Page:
001 | Irish Tom

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When Irish Tom takes aim, he rarely misses.

A former professional soldier, he now uses words instead of bullets. In a city where the truth is often written on its walls, his sharp-shooting has made him the master of political graffiti.

On the wooden barriers put up to fence off an abandoned lot in the heart of Plaka, the ancient historical neighbourhood of Athens, Tom paints away, using his wit and incredible knowledge of current affairs and history to fire off shots at everything from US foreign policy to the IMF and EU’s handling of the crisis in Greece.

His work has made him famous, not just among Athenians, but globally, with the likes of the BBC, the New York Times and The Guardian reporting on his peculiar brand of political activism.

Yet despite his status and television appearances, Tom lives a very Spartan lifestyle, occupying an abandoned Neoclassical mansion in Plaka, which he shares with some stray cats and his dog.

He sells tiny sculptures he produces to get by and relies on the goodwill of those around him, many of whom will often drop by with food.

What is extremely fascinating about Tom is that although he lives so frugally, with just the absolute bare necessities and no connection to the internet, he is incredibly well informed.

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His slogans are always relevant and timely. A few weeks ago, when we visited him, he had already painted a piece about the Volkswagen scandal, just a day after it hit the news.

“I am very well informed,” he jokes when I ask him where he sources his news from.

“I have a television and a lot of spies that keep me well informed.”

There is no denying that Tom is extremely popular. He has become a tourist attraction.

Locals and visitors will often stop and speak to him as he sits outside the place he calls home, doing his thing at his own pace as the hyperkinetic city around him hurries on with its business.

He says most of those that do stop to talk him comment positively on his work, which is not surprising given Irish Tom shows his love for Greece while being critical of the big powers and standing up for the little guy.

“Of course there are exceptions, I once had German girl that didn’t like something I wrote about Merkel and she complained and asked me to take it down.

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”He has also had more than a few run ins with the Greek police, and was once confronted about something he had written by the security team of an ambassador posted to Athens, which resulted in an altercation which Tom says he won with the help of his German shepherd.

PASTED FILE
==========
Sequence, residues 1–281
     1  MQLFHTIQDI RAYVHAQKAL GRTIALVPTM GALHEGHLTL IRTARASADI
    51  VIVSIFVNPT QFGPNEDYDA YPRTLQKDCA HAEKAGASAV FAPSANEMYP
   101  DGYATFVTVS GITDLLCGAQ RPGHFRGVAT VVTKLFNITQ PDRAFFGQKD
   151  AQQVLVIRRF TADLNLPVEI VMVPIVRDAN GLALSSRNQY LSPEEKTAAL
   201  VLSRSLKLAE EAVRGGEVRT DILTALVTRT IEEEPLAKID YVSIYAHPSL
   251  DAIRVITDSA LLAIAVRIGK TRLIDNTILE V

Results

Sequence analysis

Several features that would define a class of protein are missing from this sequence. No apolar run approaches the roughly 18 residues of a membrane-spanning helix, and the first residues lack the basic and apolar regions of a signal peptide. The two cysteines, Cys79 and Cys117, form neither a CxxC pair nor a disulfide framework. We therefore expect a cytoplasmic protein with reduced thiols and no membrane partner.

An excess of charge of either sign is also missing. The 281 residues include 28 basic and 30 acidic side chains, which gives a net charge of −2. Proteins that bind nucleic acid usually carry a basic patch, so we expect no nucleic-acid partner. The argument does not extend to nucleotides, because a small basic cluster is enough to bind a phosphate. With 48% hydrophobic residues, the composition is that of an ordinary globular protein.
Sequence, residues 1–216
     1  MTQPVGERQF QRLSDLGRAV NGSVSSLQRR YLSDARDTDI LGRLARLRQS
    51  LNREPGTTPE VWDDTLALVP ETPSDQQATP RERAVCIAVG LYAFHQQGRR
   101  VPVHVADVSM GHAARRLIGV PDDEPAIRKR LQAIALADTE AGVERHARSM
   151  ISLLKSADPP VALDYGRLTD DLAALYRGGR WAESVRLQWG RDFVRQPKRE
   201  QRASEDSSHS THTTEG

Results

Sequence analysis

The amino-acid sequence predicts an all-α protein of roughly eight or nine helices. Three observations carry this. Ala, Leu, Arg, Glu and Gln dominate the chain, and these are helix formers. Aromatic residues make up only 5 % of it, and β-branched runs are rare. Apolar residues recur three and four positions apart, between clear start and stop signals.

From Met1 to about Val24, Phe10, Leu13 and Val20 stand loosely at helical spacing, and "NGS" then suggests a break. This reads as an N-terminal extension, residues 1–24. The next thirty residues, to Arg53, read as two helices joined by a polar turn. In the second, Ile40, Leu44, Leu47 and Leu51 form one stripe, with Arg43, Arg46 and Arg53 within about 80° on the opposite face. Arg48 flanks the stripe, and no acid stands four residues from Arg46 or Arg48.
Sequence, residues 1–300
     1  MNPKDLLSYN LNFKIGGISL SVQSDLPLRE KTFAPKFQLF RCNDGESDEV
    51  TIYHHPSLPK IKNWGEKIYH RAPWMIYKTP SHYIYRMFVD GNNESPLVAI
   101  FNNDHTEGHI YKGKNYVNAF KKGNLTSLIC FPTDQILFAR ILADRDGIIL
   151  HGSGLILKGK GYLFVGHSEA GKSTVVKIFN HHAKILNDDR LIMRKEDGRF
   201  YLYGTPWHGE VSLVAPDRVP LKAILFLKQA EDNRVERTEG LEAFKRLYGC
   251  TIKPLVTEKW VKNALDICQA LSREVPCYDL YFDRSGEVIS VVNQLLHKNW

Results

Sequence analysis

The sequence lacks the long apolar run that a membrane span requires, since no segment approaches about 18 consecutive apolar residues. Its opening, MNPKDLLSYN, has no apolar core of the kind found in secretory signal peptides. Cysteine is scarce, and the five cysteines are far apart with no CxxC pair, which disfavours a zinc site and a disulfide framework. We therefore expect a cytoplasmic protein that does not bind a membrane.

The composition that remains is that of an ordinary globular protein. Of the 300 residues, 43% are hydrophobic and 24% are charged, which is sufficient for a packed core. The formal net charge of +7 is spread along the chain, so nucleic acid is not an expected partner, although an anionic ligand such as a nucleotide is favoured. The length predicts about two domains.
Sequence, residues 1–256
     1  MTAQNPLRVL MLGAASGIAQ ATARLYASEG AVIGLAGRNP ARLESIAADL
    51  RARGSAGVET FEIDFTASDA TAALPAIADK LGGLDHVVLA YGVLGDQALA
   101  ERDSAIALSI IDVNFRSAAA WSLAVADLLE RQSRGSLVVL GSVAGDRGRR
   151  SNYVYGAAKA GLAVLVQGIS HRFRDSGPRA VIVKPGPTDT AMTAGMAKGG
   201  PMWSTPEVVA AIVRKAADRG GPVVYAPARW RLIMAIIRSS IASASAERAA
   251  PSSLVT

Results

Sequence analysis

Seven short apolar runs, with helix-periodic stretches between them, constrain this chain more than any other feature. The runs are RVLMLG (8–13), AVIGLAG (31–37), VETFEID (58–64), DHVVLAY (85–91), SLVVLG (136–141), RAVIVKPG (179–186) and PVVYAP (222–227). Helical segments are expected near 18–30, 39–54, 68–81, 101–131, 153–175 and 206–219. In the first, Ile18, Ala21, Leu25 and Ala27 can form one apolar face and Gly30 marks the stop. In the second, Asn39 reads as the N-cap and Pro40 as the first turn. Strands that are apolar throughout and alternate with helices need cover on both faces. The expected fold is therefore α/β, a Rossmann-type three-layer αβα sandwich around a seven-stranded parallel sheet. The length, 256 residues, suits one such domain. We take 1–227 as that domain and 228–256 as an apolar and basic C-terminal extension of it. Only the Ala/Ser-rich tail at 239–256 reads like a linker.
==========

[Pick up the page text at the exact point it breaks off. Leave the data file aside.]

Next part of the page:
Irish Tom takes it all in his stride, refusing to let people bring him down. His ever-present toothless smile is testament to a man that has been through hell and is still standing.

Tom left his native Belfast when his wife and three-month old daughter were killed by a car bomb meant for him in 1981. He left the city the same day and has never been back.

Unable to deal with the pain, he fled to various troubled spots around the world, South Africa during apartheid, Angola during its bloody civil war, and Palestine.

“I came for one day. I went straight from the airport to Plaka thinking I would see as much as I can in one day. That was fifteen years ago, I haven’t left Athens since.”

“Myself and others in my unit had to disappear. We had no choice. Many of us went to South Africa, some went to Angola and some seeking peace went to Australia.”

“I went to South Africa for three years, I wanted somebody to kill me, to shoot me and put an end to my life. But it never happened. So I went to Angola and then Israel, hoping it would happen there, but again no one killed me.”

Deciding that was a sign that he should live his life, Tom left Israel with no destination in mind but had always wanted to visit Greece.

“I came for one day. I went straight from the airport to Plaka thinking I would see as much as I can in one day. That was fifteen years ago, I haven’t left Athens since. I just fell in love with Plaka, there is peace in my life here.”

Tom says the beauty of Plaka, the Greek lifestyle, the warmth and spirit of the Greek people combined with the unique climate of the Attika basin make Athens a fantastic city to live in.

However, he is also quick to point out that the city’s residents are changing, not just in terms of demographics.

“The Greek mindset is changing. Years of economic hardship, all this crisis talk, it’s starting to take its toll. In the 15 years or so I have been here I have noticed a shift in people’s attitudes. They are trying to change the way Greeks think and live, and it’s working. That world famous hospitality is slowly evaporating as more and more people become self absorbed, focusing on their own problems, which are increasing daily.”

 

 
 

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Deena Kiswoyo